On appeal from the Tax Court of New Jersey, Docket Nos. 2871-2003, 5620-2004, 5733-2006, 8703-2007, 1830-2007, 5618-2004, 5146-2005, 5147-2005, 5731-2006.
NOT FOR PUBLICATION WITHOUT THE APPROVAL OF THE APPELLATE DIVISION
Before Judges Carchman, Waugh, and St. John.
Plaintiffs Leeds Terminal, Inc., Grand Slam Realty, and Bernard Epstein appeal the Tax Court's order denying their motion to reinstate property-tax appeals dismissed with prejudice for failure to provide discovery.*fn1 We reverse and remand to the Tax Court for further proceedings consistent with this opinion.
The underlying disputes, nine tax appeals for the tax years 2003-2007, involve five parcels of real property located in the Town of Kearny. The Tax Court judge, understandably concerned about the slow pace of discovery in appeals that had been pending for several years, issued a series of case management orders on April 1, 2008. Each order required that all outstanding discovery be supplied within twenty days. The orders also provided that the appeals would be dismissed if the discovery was not provided within twenty days.
On April 21, 2008, plaintiffs served partial discovery responses on Kearny. They were not, however, fully responsive to Kearny's discovery requests. The following day, Kearny informed the judge that plaintiffs' discovery was incomplete. On April 25, 2008, the judge entered an order dismissing the complaints with prejudice.*fn2
In April 2009, plaintiffs moved to vacate the dismissals and reinstate their complaints. At the same time, they provided additional discovery to Kearny. Unsatisfied with the completeness of the additional responses, Kearny opposed reinstatement. However, because the Tax Court had no record of plaintiffs' motion, it was never listed for disposition.
In November 2009, plaintiffs again filed a motion to vacate the dismissals and reinstate plaintiffs' complaints. In April 2010, the judge issued a written opinion denying plaintiffs' motion. Although plaintiffs had argued that the dismissal with prejudice was improper because Kearny had not complied with the two-step process established by Rule 4:23-5, the judge held that Rule 4:23-5 did not apply and that dismissal was appropriate under Rule 4:23-2 because plaintiffs had failed to comply with his case management orders. Although the judge acknowledged that courts must be "loathe to impose the ultimate sanction of dismissal," he concluded that plaintiffs' application had become a "procedural impossibility" because they waited a year before filing a motion to reinstate. This appeal followed.
We reject plaintiffs' initial argument that the underlying orders of dismissal were void ab initio. Even if, as plaintiffs argue, the entry of an order of dismissal with prejudice prior to allowing for an opportunity to cure the discovery default was improper under Rule 4:23-5, the order would not have been void ab initio. In any event, we agree with the Tax Court judge that the procedure was governed by Rule 4:23-2.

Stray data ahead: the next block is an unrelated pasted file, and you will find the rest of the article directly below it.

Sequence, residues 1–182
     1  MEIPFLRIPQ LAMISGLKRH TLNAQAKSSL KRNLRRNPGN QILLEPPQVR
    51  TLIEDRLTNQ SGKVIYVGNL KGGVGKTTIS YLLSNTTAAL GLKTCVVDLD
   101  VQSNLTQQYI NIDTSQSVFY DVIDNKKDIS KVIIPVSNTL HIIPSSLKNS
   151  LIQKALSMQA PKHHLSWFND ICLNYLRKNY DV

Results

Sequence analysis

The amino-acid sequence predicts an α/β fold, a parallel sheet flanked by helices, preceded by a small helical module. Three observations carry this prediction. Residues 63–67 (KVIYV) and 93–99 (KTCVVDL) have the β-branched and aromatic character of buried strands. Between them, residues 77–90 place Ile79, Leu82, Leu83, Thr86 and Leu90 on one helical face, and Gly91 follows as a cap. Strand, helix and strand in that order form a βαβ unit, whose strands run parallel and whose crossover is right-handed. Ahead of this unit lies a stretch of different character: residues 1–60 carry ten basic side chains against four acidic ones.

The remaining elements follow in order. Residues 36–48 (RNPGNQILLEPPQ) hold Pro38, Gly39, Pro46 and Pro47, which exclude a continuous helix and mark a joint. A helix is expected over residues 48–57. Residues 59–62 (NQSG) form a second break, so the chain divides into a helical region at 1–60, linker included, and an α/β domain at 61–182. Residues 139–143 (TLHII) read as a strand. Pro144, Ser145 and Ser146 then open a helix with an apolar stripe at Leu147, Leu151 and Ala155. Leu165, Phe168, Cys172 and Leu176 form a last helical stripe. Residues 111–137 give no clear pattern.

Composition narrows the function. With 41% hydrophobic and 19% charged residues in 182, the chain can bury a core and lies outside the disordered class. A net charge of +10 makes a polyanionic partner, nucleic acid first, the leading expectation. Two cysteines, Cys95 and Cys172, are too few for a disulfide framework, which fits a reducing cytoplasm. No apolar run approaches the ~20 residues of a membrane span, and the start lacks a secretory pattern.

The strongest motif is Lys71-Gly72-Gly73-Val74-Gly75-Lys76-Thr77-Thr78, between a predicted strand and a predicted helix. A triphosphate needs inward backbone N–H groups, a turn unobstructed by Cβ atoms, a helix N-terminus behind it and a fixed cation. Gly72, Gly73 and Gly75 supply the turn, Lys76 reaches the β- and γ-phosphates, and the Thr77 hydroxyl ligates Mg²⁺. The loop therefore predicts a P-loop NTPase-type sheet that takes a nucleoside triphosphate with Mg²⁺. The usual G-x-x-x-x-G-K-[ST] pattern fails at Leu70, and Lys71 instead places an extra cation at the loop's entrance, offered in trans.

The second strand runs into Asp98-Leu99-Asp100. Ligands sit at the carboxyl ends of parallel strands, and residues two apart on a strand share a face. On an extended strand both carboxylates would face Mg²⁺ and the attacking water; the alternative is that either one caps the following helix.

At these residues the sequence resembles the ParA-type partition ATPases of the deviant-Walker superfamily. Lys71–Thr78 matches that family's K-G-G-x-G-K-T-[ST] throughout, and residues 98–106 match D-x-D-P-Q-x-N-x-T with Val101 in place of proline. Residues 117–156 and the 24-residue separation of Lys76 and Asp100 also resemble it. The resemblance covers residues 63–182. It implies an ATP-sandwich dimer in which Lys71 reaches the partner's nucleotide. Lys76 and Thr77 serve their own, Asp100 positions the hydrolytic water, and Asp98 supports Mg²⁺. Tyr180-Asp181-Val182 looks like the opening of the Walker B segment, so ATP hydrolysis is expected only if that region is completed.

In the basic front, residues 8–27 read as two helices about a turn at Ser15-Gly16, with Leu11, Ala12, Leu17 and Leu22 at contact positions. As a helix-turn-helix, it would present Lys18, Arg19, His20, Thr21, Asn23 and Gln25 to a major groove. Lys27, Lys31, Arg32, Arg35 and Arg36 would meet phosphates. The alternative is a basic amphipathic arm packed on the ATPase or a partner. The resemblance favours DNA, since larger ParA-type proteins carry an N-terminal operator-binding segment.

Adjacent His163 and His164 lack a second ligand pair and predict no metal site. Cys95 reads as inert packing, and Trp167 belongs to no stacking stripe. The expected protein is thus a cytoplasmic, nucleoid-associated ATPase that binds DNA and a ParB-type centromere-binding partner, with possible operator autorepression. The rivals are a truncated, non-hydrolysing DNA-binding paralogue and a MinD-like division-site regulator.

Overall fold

That does not end the inquiry, however. Rule 4:23-2 provides a variety of remedies for a party's failure to comply with a discovery order, the most severe of which is dismissal with prejudice. Appropriate sanctions for a breach of discovery rules must be just and reasonable. Conrad v. Robbi, 341 N.J. Super. 424, 441 (App. Div.) (quotation omitted), certif. denied, 170 N.J. 210 (2001). The dismissal of a claim for failure to comply with discovery is the "last and least favorable option." Il Grande v. DiBenedetto, 366 N.J. Super. 597, 624 (App. Div. 2004). Courts are "loathe to impose the ultimate sanction of dismissal." Pressler & Verniero, Current N.J. Court Rules, comment 2 on R. 4:23-2 (2011). "[W]hen the real discovery dispute is not a failure to answer but rather an alleged failure to answer in a 'fully responsive' manner, it is the dismissal with prejudice which is inappropriate unless the answering party has been ordered to answer more fully and fails to do so." Zimmerman v. United Servs. Auto. Ass'n, 260 N.J. Super. 368, 378 (App. Div. 1992).
In this case, after he was informed by Kearny that plaintiffs had provided inadequate discovery, the judge immediately dismissed the tax-appeal complaints with prejudice based on Kearny's assertion of inadequacy. He did so without reviewing the parameters of the missing material or providing an opportunity for plaintiffs to cure their deficiencies. Nevertheless, we are not considering this matter on direct appeal of the resulting orders. Rather than appealing, plaintiffs waited almost a year before providing additional discovery and seeking relief from the orders of dismissal. As a result, we are reviewing the denial of a motion to set aside the dismissal orders rather than those orders themselves.
"A motion under Rule 4:50-1 is addressed to the sound discretion of the trial court, which should be guided by equitable principles in determining whether relief should be granted or denied." Hous. Auth. of Morristown v. Little, 135 N.J. 274, 283 (1994). A movant relying on Rule 4:50-1(f) must ordinarily show "that enforcement of the order or judgment would be unjust, oppressive, or inequitable." Piscitelli v. Classic Residence by Hyatt, 408 N.J. Super. 83, 102-03 (App. Div. 2009).
Relief under Rule 4:50-1(f) depends on the "totality of the circumstances." Pressler & Verniero, Current N.J. Court Rules, comment 5.6.1 on R. 4:50-1 (2011) (citing In re Guardianship of J.N.H., 172 N.J. 440, 476 (2002)). Despite the considerable deference owed to the motion judge in a case such as this, Hous. Auth. of Morristown, supra, 135 N.J. at 283; Mancini v. EDS ex rel. N.J. Auto. Full Ins. Underwriting Ass'n, 132 N.J. 330, 334 (1993); Pressler & Verniero, Current N.J. Court Rules, comment 1 on R. 4:50-1 (2011), we have concluded that the totality of the ...